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Assessment of Aircraft Icing Potential and Maximum Icing Altitude from Geostationary Meteorological Satellite Data

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  • 1 NOAA/NESDIS/Center for Satellite Applications and Research, Camp Springs, Maryland
  • | 2 Raytheon Information Solutions, Camp Springs, Maryland
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Abstract

A satellite product that displays regions of aircraft icing potential, along with corresponding cloud-top heights, has been developed using data from the Geostationary Operational Environmental Satellite (GOES) imager and sounder. The icing product, referred to as the Icing Enhanced Cloud-top Altitude Product (ICECAP), is created hourly for the continental United States and southern Canada, and is color coded to show cloud-top altitudes in 1.9-km (6000 ft) intervals. Experimental ICECAP images became routinely available on the Internet during the spring of 2004. Verification of separate ICECAP components (imager icing potential and sounder cloud-top heights) using aircraft pilot reports (PIREPs) indicates that the product provides useful guidance on the spatial coverage and maximum altitude of current icing conditions, but not icing intensity, stratification, or minimum altitude. The imager icing potential component of ICECAP was compared with the operational 40-km resolution National Weather Service (NWS) current icing potential and NWS Airman’s Meteorological Advisories via the NOAA Real-Time Verification System, while GOES cloud-top heights were compared with altitudes of moderate or greater icing from PIREPs. Benefits and deficiencies of the GOES icing product are discussed.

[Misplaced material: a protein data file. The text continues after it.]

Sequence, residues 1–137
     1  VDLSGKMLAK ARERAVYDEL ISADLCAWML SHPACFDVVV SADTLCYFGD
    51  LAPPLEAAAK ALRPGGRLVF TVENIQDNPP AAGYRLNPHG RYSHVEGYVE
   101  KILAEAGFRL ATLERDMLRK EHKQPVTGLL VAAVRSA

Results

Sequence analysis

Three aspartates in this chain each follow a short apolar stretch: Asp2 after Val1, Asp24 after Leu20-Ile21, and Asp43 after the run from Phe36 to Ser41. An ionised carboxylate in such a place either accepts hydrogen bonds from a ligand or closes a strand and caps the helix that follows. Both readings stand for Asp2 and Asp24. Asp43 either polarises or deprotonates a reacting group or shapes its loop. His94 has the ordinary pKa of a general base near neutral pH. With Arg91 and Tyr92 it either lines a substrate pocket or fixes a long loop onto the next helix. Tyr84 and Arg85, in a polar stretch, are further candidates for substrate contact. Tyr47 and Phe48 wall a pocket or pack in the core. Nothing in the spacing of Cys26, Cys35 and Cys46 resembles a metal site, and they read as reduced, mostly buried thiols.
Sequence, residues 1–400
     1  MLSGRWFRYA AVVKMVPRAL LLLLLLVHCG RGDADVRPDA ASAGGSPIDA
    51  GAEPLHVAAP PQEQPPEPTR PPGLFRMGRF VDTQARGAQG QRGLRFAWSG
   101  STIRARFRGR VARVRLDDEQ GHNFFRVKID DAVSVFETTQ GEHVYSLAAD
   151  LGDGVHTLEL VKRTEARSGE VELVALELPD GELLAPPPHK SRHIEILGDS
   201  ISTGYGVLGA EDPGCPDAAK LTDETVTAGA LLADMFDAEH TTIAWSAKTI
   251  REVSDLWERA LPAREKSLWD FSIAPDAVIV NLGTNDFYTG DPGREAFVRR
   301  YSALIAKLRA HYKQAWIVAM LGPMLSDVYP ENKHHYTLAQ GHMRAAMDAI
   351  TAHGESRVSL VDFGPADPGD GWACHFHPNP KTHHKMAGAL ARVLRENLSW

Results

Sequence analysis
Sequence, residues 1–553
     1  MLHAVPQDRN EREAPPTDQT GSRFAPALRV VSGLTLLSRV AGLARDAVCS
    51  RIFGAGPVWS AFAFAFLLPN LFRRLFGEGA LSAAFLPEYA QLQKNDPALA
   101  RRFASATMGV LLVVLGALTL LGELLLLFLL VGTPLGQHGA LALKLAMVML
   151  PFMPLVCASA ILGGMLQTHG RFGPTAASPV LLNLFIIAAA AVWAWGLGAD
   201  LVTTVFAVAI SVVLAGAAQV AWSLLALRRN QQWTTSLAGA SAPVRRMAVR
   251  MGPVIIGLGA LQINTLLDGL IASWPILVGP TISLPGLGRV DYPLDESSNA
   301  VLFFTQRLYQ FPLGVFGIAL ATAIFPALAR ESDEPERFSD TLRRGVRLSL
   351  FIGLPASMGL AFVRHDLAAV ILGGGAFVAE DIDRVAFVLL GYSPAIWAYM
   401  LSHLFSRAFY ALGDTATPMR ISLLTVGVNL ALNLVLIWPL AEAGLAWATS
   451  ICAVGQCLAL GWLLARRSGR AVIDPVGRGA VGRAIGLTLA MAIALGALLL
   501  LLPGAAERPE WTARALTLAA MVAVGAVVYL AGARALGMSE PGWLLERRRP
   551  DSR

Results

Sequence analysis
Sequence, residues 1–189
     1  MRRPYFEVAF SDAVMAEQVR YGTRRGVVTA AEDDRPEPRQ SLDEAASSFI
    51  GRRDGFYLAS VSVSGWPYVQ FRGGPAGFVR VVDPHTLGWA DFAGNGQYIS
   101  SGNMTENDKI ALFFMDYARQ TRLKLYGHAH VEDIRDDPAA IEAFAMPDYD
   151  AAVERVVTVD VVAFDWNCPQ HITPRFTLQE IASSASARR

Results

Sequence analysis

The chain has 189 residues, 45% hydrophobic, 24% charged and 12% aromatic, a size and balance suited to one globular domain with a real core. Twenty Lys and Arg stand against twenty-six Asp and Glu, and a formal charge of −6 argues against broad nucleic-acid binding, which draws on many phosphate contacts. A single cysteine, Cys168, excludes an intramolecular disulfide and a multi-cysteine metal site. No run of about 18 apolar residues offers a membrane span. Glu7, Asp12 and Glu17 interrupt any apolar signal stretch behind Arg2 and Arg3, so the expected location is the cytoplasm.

* Retired

Corresponding author address: Gary Ellrod, P.O. Box 240, Granby, CT 06035. Email: gary.ellrod@gmail.com

Abstract

A satellite product that displays regions of aircraft icing potential, along with corresponding cloud-top heights, has been developed using data from the Geostationary Operational Environmental Satellite (GOES) imager and sounder. The icing product, referred to as the Icing Enhanced Cloud-top Altitude Product (ICECAP), is created hourly for the continental United States and southern Canada, and is color coded to show cloud-top altitudes in 1.9-km (6000 ft) intervals. Experimental ICECAP images became routinely available on the Internet during the spring of 2004. Verification of separate ICECAP components (imager icing potential and sounder cloud-top heights) using aircraft pilot reports (PIREPs) indicates that the product provides useful guidance on the spatial coverage and maximum altitude of current icing conditions, but not icing intensity, stratification, or minimum altitude. The imager icing potential component of ICECAP was compared with the operational 40-km resolution National Weather Service (NWS) current icing potential and NWS Airman’s Meteorological Advisories via the NOAA Real-Time Verification System, while GOES cloud-top heights were compared with altitudes of moderate or greater icing from PIREPs. Benefits and deficiencies of the GOES icing product are discussed.

* Retired

Corresponding author address: Gary Ellrod, P.O. Box 240, Granby, CT 06035. Email: gary.ellrod@gmail.com

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